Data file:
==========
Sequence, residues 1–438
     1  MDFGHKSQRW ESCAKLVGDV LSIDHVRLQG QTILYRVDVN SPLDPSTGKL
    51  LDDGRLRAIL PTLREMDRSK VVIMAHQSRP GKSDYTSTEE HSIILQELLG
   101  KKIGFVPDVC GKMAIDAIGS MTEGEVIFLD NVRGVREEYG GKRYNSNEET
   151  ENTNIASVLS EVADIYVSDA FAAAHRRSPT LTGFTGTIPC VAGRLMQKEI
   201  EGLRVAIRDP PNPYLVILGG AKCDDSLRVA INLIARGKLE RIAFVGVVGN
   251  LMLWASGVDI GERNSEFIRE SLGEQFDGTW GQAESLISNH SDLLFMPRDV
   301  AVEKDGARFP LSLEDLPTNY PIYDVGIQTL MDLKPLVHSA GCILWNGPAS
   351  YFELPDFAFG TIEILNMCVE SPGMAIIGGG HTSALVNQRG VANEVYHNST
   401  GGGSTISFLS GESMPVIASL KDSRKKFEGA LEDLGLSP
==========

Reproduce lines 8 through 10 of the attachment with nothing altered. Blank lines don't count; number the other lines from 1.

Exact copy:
   301  AVEKDGARFP LSLEDLPTNY PIYDVGIQTL MDLKPLVHSA GCILWNGPAS
   351  YFELPDFAFG TIEILNMCVE SPGMAIIGGG HTSALVNQRG VANEVYHNST
   401  GGGSTISFLS GESMPVIASL KDSRKKFEGA LEDLGLSP